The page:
Rose Wang

Beholding the Mountain

In the spring of 1989, Rose Wang stood in solidarity with her student colleagues in Tiananmen Square, part of a massive protest to campaign for economic liberalization, political reform, and freedom of the press in Beijing, China.  A daughter of college professors who had academic tours outside of China, Rose had been exposed to these Western, liberal values, and had made them her own.  “When my sister and I were in middle school,” she remembers, “our parents sat us down and told us that the future was not there in China.  They told us what the world was really like, and that one day we, too, would be able to see it for ourselves.”

In a sense, that experience was akin to one of Rose’s favorite Chinese proverbs.  “When you’re in the mountain, you can’t see shape of the mountain,” she explains.  “But when you leave the mountain, you can see it from a distance and behold its true form.  It’s about getting perspective, and that’s what my parents were trying to impart to my sister and I that day.”

Her parents tried to dissuade her from putting herself in danger as part of the Tiananmen Square protest, but as a friend of several in the student leadership of the protests, and instilled with the values her parents had taught her, Rose felt it was her duty to be a part of the movement.  Thankfully, when the People’s Liberation Army moved through the city on June 4th, using live fire to quell the protest and killing hundreds if not thousands of civilians, she was able to escape to her family’s home unharmed.  Some of her friends, however, were not as fortunate.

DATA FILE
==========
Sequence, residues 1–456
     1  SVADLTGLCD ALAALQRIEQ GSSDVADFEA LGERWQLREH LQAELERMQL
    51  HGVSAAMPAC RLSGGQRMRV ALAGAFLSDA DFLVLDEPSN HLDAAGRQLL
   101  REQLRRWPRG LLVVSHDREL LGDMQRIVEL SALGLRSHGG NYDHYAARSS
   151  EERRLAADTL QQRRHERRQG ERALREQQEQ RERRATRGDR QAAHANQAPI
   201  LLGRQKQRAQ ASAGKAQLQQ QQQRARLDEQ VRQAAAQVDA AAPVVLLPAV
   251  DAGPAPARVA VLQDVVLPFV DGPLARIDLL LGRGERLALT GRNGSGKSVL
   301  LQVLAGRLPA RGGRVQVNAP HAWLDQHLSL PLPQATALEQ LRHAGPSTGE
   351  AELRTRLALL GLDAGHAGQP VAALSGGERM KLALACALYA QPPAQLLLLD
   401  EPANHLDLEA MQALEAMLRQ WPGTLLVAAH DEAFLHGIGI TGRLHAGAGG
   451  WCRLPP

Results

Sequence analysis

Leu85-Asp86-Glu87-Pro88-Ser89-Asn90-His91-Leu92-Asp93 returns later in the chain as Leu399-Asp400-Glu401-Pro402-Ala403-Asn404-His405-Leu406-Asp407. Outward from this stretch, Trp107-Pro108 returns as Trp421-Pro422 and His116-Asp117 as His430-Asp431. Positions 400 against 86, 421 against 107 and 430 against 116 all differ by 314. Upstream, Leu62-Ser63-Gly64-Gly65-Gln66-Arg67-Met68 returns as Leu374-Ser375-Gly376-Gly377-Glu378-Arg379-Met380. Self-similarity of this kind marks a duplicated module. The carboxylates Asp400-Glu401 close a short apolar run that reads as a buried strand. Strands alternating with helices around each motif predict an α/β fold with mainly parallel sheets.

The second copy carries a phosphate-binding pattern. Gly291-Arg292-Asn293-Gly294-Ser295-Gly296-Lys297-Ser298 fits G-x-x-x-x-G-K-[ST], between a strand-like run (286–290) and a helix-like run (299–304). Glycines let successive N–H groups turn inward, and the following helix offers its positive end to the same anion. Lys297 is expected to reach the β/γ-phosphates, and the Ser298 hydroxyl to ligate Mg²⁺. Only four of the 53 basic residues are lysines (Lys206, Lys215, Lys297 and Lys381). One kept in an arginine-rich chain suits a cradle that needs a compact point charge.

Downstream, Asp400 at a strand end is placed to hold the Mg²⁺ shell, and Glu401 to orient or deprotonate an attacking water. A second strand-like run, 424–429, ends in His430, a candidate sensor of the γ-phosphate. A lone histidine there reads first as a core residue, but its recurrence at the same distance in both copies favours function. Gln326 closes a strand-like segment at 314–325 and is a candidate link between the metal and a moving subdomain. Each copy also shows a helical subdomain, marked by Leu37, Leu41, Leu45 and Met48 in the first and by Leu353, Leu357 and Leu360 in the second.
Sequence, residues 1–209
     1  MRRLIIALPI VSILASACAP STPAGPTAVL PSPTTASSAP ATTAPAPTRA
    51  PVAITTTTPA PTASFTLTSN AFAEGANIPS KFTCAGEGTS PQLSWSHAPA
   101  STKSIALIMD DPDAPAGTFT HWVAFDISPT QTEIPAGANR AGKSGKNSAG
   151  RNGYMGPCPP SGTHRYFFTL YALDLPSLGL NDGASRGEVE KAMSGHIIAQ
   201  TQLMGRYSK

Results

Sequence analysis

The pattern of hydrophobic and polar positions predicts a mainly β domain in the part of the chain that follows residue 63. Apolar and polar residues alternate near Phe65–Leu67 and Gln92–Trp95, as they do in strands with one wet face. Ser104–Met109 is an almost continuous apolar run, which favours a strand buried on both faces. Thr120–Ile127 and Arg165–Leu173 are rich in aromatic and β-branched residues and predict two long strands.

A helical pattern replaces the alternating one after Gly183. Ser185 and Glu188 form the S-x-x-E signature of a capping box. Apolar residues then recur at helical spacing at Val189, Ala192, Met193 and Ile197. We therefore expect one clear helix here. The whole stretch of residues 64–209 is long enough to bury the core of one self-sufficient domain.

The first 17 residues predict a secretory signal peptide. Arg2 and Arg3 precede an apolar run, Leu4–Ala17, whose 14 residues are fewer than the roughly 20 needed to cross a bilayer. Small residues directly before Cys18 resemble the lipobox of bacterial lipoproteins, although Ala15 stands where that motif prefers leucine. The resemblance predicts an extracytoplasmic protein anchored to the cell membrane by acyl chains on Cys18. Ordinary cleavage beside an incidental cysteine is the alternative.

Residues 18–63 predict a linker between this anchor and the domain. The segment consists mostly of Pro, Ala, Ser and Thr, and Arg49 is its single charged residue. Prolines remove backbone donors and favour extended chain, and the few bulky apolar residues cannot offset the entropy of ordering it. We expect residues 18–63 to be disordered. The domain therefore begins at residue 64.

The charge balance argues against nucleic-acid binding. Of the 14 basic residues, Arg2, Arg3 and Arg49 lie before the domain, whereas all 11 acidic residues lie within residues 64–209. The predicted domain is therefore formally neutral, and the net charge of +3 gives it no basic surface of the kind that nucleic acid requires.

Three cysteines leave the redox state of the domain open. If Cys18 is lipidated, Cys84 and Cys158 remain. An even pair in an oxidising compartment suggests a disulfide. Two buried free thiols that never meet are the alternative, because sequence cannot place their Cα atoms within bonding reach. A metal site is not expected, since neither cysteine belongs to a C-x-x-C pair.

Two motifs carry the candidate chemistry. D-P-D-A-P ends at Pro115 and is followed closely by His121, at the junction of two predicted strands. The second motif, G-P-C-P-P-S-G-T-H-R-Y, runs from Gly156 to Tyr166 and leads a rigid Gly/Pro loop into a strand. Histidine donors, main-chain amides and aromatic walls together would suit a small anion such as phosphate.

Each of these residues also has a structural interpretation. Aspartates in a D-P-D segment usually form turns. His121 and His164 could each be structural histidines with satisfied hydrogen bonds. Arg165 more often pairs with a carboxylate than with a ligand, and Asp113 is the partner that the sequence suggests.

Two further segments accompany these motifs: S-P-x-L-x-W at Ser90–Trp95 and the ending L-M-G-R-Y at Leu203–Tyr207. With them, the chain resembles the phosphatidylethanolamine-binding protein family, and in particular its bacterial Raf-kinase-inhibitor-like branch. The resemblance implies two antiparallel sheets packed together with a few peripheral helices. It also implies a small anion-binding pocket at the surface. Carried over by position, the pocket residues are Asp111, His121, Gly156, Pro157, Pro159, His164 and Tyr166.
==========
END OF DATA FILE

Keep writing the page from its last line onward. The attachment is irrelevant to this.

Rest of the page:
Staying calm and beholding her problems from afar instead of getting lost in them, Rose spent the next few days following traces of spotty information to learn that one friend had been injured by a stray bullet, and another had been killed.  A third dear friend of hers who was among the leadership of the movement disappeared entirely for weeks before turning up suddenly at her doorstep, announcing that he intended to turn himself in.  Rose eventually helped him settle in the D.C. metropolitan area, and the two of them remain close friends today.  Now the founder and CEO of Binary Group, a technology solutions and management consulting firm offering solutions and services to the Federal Government in the financial management, cyber security, intelligence community, and health markets, Rose has remembered the value of objectivity and perspective from those early days and continues to apply those skills to help her business flourish.

Indeed, the mountain proverb has always served her well, especially as she transitioned from China to the U.S.  “As students and intellectuals,” Rose says, “the values we fought for had always been our values.  After finishing my bachelor’s in China, I brought those values with me when I came to the United States the following year, in 1990.”  Eleven years later, after finishing graduate school in Texas, an adventure with a cutting-edge Silicon Valley start-up, and a couple entrepreneurial misfires, Rose woke up on the bright and clear morning of September 11, 2001.  A few hours later, she found herself reliving the heart-wrenching experience of pursuing any lead she could find to discover if her loved ones were safe.